The Beach Boy Mike Love wrote of his bandmate Brian Wilson: “When we’d go to Brian’s house, he would play (“Be My Baby”) over and over again, comparing it to Einstein’s theory of relativity.” Inspired by Spector’s wall of sound techniques, Wilson created “Good Vibrations,” a single that was epochal for its orchestral ambitions, studio-as-instrument techniques and early embrace of electronic music via the whining Electro-Theremin. Who better to anchor it to pop than one of Spector’s drummers of choice? “My particular sound for Brian,” Blaine wrote in his autobiography, “was basically the Phil Spector sound with a few minor changes. … Afterwards, I would overdub percussion effects. I was invited to experiment, and I don’t ever remember Brian telling me not to play anything.”
Johnny Rivers, ‘The Poor Side of Town’ (1966)
Though this chamber-pop song is mostly forgotten, it still knocked the Monkees’ “Last Train to Clarksville” out of the No. 1 spot in late 1966. Blaine’s high-hat work here — opening, striking, then closing for a pssssshp — has been credited by Drum magazine as integral for moving the sizzling sound from jazz to rock. It has since became a bedrock element of dance music.
Simon and Garfunkel, ‘A Hazy Shade of Winter’ (1966)
Blaine plays drums on four of Simon and Garfunkel’s five studio albums, providing the tasteful accompaniment on No. 1 singles “Mrs. Robinson” and “Bridge Over Troubled Water.” But check out the apocalyptic Top 20 hit “A Hazy Shade of Winter,” first released in 1966 before appearing on the 1968 album “Bookends,” for a missing link between Motown and punk rock.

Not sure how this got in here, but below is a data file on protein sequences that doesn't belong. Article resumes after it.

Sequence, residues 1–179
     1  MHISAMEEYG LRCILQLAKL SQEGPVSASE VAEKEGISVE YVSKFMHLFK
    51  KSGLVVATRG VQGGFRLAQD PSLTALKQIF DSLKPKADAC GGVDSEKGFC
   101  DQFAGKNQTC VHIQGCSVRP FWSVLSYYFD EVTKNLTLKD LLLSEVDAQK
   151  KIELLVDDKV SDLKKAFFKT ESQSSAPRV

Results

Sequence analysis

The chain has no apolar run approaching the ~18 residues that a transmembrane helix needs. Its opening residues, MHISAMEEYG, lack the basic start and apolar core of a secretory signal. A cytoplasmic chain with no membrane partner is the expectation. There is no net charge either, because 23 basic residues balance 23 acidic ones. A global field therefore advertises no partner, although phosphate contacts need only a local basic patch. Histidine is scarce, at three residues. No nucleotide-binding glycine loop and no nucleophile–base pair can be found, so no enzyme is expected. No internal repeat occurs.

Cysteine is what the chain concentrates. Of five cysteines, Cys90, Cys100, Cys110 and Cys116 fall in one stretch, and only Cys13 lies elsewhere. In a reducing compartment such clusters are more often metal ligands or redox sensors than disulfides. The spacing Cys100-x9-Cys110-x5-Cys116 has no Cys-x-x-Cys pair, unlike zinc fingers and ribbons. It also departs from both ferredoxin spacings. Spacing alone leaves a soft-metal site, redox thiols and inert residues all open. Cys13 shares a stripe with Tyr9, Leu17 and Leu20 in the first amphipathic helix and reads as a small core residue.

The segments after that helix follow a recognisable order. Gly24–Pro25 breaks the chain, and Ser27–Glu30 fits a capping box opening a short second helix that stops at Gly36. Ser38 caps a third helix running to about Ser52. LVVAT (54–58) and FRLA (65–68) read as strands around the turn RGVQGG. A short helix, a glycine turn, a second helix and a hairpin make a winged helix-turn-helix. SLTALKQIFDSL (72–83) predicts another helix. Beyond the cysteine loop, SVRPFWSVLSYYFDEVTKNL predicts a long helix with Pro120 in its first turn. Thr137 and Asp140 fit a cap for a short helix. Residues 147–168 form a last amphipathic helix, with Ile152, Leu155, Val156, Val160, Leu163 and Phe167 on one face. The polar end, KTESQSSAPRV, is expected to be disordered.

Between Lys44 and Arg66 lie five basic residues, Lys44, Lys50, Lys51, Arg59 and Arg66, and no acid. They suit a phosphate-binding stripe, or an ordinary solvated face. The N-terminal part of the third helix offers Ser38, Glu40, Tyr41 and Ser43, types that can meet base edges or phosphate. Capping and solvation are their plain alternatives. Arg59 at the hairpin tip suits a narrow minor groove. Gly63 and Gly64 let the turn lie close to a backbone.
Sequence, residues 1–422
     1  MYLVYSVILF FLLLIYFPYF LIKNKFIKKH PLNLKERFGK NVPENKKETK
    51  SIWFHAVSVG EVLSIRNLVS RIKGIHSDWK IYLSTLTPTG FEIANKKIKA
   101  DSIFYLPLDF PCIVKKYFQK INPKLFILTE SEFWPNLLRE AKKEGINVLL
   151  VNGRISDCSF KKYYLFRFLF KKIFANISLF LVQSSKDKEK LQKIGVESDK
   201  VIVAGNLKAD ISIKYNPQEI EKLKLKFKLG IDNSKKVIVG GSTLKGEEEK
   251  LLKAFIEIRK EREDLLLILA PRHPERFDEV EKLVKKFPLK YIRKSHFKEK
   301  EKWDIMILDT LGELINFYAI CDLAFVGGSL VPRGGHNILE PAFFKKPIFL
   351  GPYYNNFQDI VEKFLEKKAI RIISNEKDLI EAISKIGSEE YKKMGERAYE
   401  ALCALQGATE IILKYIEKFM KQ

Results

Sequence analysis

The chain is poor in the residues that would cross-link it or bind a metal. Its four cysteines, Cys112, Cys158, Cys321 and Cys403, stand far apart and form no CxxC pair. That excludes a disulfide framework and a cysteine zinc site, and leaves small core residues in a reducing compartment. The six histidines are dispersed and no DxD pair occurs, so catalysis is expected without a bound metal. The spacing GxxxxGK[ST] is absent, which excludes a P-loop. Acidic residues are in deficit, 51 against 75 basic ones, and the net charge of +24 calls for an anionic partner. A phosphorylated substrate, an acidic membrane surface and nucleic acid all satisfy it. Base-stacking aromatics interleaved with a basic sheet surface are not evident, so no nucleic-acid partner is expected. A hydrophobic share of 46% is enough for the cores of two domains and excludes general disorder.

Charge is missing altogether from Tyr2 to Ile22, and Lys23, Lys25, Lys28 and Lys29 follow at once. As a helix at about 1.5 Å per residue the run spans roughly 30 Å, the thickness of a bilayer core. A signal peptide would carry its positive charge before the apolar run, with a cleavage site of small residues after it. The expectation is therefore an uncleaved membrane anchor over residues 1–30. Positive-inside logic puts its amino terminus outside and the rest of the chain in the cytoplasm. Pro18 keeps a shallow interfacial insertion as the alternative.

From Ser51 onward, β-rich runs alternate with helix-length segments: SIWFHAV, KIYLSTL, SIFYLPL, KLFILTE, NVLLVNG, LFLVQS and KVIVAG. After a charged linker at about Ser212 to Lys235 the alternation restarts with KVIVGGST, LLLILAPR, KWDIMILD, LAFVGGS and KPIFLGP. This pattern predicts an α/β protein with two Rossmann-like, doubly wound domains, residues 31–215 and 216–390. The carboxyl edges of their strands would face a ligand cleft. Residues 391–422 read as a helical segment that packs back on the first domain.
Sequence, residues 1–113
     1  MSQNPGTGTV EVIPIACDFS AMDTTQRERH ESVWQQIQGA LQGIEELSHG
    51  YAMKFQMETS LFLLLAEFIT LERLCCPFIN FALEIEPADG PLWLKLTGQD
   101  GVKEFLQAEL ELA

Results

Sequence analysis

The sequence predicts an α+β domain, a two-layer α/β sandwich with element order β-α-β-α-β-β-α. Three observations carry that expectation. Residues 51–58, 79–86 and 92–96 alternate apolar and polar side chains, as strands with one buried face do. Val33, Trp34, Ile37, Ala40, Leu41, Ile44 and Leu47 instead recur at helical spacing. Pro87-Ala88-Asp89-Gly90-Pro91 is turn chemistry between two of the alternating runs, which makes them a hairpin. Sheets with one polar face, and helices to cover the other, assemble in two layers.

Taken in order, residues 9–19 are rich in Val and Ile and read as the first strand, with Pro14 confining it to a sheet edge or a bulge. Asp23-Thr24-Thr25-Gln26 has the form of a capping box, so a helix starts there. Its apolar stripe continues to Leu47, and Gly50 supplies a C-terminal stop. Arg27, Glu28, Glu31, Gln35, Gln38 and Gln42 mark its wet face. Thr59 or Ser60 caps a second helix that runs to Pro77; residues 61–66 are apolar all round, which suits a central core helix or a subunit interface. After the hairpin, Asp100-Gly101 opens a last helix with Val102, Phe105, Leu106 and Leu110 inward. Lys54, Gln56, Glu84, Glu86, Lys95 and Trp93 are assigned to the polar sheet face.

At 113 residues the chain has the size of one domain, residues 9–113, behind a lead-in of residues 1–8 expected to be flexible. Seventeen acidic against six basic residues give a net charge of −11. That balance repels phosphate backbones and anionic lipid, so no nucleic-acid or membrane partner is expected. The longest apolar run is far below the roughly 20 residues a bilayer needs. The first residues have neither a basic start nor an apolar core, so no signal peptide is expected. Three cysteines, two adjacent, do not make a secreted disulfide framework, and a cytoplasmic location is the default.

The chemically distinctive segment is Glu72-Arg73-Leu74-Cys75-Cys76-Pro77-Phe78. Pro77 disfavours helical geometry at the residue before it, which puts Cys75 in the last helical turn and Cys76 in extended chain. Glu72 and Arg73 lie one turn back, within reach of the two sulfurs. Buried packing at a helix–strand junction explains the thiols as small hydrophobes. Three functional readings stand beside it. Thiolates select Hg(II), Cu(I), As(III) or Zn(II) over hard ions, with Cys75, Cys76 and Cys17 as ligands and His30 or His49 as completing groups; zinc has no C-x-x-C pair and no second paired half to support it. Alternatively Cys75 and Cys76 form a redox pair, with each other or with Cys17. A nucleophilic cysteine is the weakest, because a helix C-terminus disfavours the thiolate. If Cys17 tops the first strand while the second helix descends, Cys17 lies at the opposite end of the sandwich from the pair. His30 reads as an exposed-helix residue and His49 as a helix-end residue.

Nancy Sinatra, ‘Drummer Man’ (1969)
Blaine’s work with Nancy Sinatra would yield bigger hits — most notably “These Boots Are Made for Walkin’” and the duet with her father “Somethin’ Stupid,” both No. 1 hits. But this papa-was-a-rolling-stone single allowed the consummate sideman to stretch his legs (and arms) with monstrous tom-tom fills. Blaine brought a massive drum kit to accompany Sinatra for her performance on 1971 TV special “Movin’ With Nancy on Stage.” “I did a solo on the show, which was the first time anyone ever saw that set, so everybody just went crazy,” Blaine told Modern Drummer. “I gave it all to Ludwig. I expected them to call it the Hal Blaine super set or something. But they called it the Octoplus, and it was one of their biggest sellers.”
The Monkees, ‘Mary, Mary’ (1967)
Looped to play three times, Blaine’s funky opening beat (and Jim Gordon’s percussion) on this Monkees classic was the first thing you heard on the first volume of Ultimate Breaks and Beats, the record series that served as an essential D.J. and producer tool in the 1980s. Twenty years after it was recorded, Blaine would end up the unwitting participant in hip-hop records like Run-D.M.C.’s “Mary Mary” (1988), De La Soul’s “Change in Speak” (1989) and Big Daddy Kane’s “Pimpin’ Ain’t Easy.”
The 5th Dimension, ‘Medley: Aquarius/Let the Sunshine In (The Flesh Failures)’ (1969)
A song at the crossroads of psychedelia, soul, pop and Broadway, Blaine moves from a deconstructed “Be My Baby,” to locomotive rock to groovy funk.
Tanya Tucker, ‘Lizzie and the Rainman’ (1975)
Proving himself ever versatile, Blaine’s last era of chart success and prolific session work was during the late Seventies and early Eighties explosion of pop-country artists like Shelly West (“Jose Cuervo”), John Denver (“I’m Sorry,” “Thank God I’m a Country Boy”) and era-appropriate works by Emmylou Harris and Johnny Cash. On Tanya Tucker’s “Lizzie and the Rainman” — a No. 1 country hit and a Top 40 pop crossover — Tucker says “beat the drum” in the middle of each chorus and Blaine plays a bonkers descending drum fill that pans across the speakers. It sounds like it was pulled from a Rush record instead of something that broke the Adult Contemporary chart.